May 19, 2023

Senator Warren Calls on FDIC to “Quickly, Forcefully, and Publicly” Reject Backdoor Bailout Attempt by Big Banks

Banks Reportedly Seeking to Repay Federal Deposit Insurance Trust Fund with Devalued Assets “An Extreme Transfer of Losses from Banks to Taxpayers”

Text of Letter (PDF)

Washington, D.C. – U.S. Senator Elizabeth Warren (D-Mass.) sent a letter to Federal Deposit Insurance Corporation (FDIC) Chair Martin Gruenberg, urging him to  asking him to oppose a reported attempt by Big Banks to repay nearly $16 billion that they owe to replenish the Federal Deposit Insurance Fund with Treasury bonds that are worth much less.

The implosions of Silicon Valley, Signature, and First Republic Banks have cost the Federal Deposit Insurance Fund a combined $29 billion. Last week, the FDIC released a proposal to replenish a portion of these costs by imposing a special assessment that would fall primarily on the nation’s largest banks. Earlier this week, however, the Wall Street Journal reported that the banks are now seeking to make these payments with devalued Treasury bonds, transferring the losses to U.S. taxpayers.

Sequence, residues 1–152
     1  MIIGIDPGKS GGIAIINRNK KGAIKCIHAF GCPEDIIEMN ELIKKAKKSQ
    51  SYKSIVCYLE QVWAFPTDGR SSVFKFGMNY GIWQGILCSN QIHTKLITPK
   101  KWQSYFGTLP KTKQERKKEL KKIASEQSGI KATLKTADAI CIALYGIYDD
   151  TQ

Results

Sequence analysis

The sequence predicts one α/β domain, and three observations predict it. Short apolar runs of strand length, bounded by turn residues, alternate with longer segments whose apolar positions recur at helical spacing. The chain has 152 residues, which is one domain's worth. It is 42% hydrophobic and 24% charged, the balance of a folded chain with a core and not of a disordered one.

“In simple terms, the biggest banks – who have experienced a surge in deposits after the SVB failure,  received favorable loans from the Fed’s Bank Term Funding Program in March 2023, and had $30 billion of their own deposits guaranteed in the First Republic sale,  – are now seeking to pay back the gap in the deposit insurance fund with devalued assets, getting those assets off their books, while leaving the federal government to assume the risk,” wrote Senator Warren.

In the letter, Senator Warren calls on Chair Gruenberg to quickly, forcefully, and publicly reject this “unjustified giveaway that could be worth billions of dollars to the big banks and threatens the stability of the deposit insurance trust fund.”